Oktober 4, 2018


For years, firms gambled that their expensive software development projects would meet customers’ needs. Customer-facing processes were designed from the inside out, and were built from the company’s perspective. Customers adapted their use to the company’s approach and processes. We’ve all used this kind of software. We’ve all had similar feelings of frustration.

It’s not that these software companies set out to frustrate their customers. They conducted surveys, talked to users to learn about needed functions, and wrote detailed specifications to assure the software was faithfully built to match what the customer wanted. These efforts were supposed to yield market-leading products. Yet that’s perhaps the exception and not the rule. What happened?

For software, from relatively simple apps to sophisticated B2B enterprise solutions, customers can’t fully articulate their exact needs and engineers typically develop a solution with only a partial understanding of how the software should work. Each new software solution is a journey into the new; and it turns out that humans can’t fully articulate their exact needs for products they have never experienced. 

Over the past decade, a movement, co-creation, has been growing to bridge this gap, from consumer products to aircraft to software, the process of collaborating directly with end users to create products that more closely meet exact user needs is a proven path towards innovating better solutions.

 “Co-creation is the joint creation of value by the company and the customer; allowing the customer to co-construct the service experience to suit their context.”

Co-creation is process of face-to-face active collaboration for the innovation of mutually beneficial products, services, or experiences. The co-creation process elicits deep insights from participants — and translates those insights into tangible prototypes that can be evaluated in real time. It mitigates the risk of software projects missing the mark. That’s because it can identify which elements of the software provide value and generate ideas for how to fix the ones that don’t in collaborative sessions.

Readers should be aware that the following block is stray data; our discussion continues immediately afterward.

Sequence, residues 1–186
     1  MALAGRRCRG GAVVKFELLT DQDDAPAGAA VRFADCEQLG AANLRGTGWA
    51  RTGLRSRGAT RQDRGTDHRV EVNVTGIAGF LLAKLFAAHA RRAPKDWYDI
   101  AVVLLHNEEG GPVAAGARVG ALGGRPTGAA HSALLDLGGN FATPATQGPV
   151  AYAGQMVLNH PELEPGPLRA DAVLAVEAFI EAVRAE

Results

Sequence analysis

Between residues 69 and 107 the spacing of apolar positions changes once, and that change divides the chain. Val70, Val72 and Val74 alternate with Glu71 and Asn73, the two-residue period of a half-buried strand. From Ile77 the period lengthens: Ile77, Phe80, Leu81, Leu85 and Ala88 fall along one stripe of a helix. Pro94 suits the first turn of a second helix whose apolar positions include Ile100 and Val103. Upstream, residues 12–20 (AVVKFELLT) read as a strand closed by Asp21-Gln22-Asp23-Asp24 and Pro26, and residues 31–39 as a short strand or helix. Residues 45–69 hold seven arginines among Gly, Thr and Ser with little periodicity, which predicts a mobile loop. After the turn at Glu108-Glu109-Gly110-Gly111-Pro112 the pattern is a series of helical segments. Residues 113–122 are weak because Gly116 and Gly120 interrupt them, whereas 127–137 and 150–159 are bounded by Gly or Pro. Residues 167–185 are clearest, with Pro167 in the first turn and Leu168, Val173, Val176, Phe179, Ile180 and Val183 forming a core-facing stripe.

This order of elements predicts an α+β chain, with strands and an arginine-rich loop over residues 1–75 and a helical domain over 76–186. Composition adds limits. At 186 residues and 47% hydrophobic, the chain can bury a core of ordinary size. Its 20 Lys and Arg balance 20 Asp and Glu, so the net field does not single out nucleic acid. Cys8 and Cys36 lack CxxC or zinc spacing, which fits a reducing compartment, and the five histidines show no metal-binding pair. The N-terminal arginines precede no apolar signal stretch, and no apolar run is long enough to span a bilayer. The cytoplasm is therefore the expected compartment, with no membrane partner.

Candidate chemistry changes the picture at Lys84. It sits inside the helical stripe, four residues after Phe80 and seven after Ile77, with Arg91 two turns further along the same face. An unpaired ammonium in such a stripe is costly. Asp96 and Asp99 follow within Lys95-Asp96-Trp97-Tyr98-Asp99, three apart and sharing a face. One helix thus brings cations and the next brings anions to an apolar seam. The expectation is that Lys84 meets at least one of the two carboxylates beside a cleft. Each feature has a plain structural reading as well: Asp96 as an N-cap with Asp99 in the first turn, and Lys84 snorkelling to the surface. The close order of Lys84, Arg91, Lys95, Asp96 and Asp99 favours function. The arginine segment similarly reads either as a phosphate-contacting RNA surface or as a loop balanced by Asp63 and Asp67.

For software, co-creation is a deeply collaborative way to create solutions together, yet our experience is that it is outside of how most companies view information technology. Many still think about IT in its traditional role: to buy, integrate, and implement software. While it takes new cultural and organisational muscle to make the change to co-creation, advances in technology and software architecture make the transition more urgent.

Software modules enable a powerful characteristic of co-creation: the rapid construction of prototypes that approximate a market ready solution and enable teams to experiment towards the best combination of solutions.

Consider that as software has become more modular and re-usable, it has become more like the Lego toy system of interchangeable parts. Modularisation enables software firms to work collaboratively with customers to develop their products quickly by cycling through ideas and potential solutions in plug and play prototype configurations that can be quickly understood, evaluated and iterated.

By developing new ideas in an agile manner with co-creation, risks are significantly reduced. It is a business model that is unexplored territory for many companies. As software development experts, Consulteer can catalyse development by collaborating with clients in co-creation projects that vastly speed up development cycles and result in more innovative, effective and relevant software solutions. 

Thanks for reading this post. I invite your comments and ask you to share this post with others who you think may find it useful. My next post will dive deeper into the co-creation approach and its benefits.